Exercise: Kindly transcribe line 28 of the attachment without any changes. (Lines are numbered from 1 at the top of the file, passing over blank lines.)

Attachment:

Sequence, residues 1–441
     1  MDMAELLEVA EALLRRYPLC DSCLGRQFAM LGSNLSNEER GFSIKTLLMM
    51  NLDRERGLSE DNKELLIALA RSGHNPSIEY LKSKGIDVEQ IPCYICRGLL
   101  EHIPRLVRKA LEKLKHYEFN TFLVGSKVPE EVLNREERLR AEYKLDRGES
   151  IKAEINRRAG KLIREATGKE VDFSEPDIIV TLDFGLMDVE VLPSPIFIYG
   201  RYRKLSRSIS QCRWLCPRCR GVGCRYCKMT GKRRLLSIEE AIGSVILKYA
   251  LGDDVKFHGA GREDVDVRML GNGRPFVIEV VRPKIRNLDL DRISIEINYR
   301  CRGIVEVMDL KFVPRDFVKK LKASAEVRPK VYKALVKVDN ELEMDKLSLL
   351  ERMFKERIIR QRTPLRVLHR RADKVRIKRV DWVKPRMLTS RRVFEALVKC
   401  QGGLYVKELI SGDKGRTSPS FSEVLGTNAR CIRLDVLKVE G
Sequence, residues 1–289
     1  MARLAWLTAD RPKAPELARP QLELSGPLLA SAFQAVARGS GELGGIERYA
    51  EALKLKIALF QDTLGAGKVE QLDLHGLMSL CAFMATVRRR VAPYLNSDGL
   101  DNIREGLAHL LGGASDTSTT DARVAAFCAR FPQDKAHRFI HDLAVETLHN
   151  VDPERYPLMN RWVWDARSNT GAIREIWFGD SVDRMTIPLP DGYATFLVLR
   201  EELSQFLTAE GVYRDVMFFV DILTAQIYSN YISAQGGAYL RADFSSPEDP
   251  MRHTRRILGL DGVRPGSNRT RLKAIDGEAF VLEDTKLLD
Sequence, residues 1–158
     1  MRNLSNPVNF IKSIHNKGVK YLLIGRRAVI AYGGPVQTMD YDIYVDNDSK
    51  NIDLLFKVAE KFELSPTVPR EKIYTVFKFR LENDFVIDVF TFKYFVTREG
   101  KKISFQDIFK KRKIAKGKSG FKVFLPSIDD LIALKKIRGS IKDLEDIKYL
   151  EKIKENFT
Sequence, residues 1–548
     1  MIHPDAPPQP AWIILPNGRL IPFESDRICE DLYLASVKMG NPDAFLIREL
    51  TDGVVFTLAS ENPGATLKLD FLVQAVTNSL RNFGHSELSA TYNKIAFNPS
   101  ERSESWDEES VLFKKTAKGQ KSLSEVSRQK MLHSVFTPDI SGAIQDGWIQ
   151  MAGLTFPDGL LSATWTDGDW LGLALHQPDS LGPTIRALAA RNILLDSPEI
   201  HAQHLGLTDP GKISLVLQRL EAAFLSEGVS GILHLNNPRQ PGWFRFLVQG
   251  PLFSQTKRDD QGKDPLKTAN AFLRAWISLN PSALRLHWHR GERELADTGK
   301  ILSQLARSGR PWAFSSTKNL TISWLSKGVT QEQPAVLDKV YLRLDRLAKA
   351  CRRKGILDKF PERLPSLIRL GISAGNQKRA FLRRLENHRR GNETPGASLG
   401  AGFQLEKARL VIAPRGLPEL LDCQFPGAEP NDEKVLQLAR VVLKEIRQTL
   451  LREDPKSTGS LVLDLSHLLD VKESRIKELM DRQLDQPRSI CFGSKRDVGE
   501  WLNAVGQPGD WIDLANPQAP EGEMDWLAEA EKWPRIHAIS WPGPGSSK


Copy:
   201  HAQHLGLTDP GKISLVLQRL EAAFLSEGVS GILHLNNPRQ PGWFRFLVQG